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In his latest column, George Will’s shares several economic insights from John Tamny’s new book, Popular Economics: What the Rolling Stones, Downton Abbey, and LeBron James Can Teach You about Economics.  It’s a book that I’m especially eager to read!

In yesterday’s Wall Street Journal, Michael Saltsman describes some baneful consequences of minimum-wage legislation.  A slice:

In Oakland, local restaurants are raising prices by as much as 20%, with the San Francisco Chronicle reporting that “some of the city’s top restaurateurs fear they will lose customers to higher prices.” Thanks to a quirk in California law that prohibits full-service restaurants from counting tips as income, other operators—who were forced to give their best-paid employees a raise—are rethinking their business model by eliminating tips as they raise prices.

A new paper by MIT’s Matt Rognlie explains that, because studies of capital’s share of national income typically miss or undercount depreciation, the only capital that is truly increasing as a share of national income is housing.  A slice:

Capital income is not growing unboundedly at the expense of labor, and further accumulation of capital in fact most likely means a fall in capital’s share of total income – refuting one of the main theories of economist Thomas Piketty’s popular book Capital in the 21st Century.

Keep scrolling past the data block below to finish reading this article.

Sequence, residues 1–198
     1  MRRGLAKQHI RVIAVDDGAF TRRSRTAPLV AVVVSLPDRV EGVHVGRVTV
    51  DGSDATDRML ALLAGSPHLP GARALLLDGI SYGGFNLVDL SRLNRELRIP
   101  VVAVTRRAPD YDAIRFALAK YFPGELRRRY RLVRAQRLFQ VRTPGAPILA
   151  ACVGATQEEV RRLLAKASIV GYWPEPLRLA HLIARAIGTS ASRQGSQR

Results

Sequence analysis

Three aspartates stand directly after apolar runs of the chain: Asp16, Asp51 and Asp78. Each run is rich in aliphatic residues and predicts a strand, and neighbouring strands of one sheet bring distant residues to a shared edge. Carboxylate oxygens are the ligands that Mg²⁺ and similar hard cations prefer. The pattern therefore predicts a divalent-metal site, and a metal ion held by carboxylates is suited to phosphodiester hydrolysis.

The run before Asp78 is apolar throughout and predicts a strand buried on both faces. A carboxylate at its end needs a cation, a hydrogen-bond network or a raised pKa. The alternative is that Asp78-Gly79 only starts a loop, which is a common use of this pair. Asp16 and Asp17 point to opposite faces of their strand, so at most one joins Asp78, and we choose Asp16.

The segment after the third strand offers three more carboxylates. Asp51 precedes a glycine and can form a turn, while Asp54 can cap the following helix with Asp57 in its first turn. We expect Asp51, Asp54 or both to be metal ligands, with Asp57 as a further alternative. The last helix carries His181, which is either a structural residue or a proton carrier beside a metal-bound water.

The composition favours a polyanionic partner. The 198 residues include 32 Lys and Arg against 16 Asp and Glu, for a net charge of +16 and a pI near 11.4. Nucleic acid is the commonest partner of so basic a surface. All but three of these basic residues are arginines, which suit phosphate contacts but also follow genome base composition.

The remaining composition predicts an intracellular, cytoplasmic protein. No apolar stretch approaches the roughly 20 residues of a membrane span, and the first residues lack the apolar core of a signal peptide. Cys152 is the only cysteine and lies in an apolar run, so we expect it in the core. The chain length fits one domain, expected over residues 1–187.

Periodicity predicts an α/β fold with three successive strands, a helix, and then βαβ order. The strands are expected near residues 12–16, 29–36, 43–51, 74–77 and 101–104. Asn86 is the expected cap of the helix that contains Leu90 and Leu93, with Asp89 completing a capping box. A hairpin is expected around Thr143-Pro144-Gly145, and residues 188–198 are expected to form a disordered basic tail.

Speaking of inequality, this inequality is truly among the worst and most dangerous.  (HT Robert Rounthwaite)

Here’s my brilliant colleague Bryan Caplan at his brilliant best on immigration and labor markets.  A slice, which helps expose the naive view of many people that running a business successfully is relatively easy, even rather idle, work:

Good managers know in their bones that diverse human beings aren’t built for close cooperation.  Rather than throw their hands up in despair, however, good managers rise to the challenge.  True to their job description, managers manage their workers, forging them into effective teams despite their disparate abilities, personalities, and backgrounds.  It’s an uphill battle, and you have to keep running just to stay in place.  But good managers kindle the fire of teamwork, then keep the fire burning day in, day out.

The critics of immigration are right to insist that people aren’t plug-and-play.  Cultural diversity definitely makes teamwork harder.  Unlike the critics of immigration, however, businesses around the world treat this fact not as a plague, but a profit opportunity.  Sure, some stodgy entrepreneurs mutter defeatist cliches about oil and water and keep hiring within their tribes.  But more visionary entrepreneurs rise to the challenge of diversity every day.  That‘s why even the most unskilled and culturally alien workers rightly believe that the streets of the First World are paved with gold.  Given half a chance, socially adept businesspeople rush to do the paving.

George Leef ponders the future of the university.

Jon Murphy gives the play-by-play of Robert Reich vs. Robert Reich.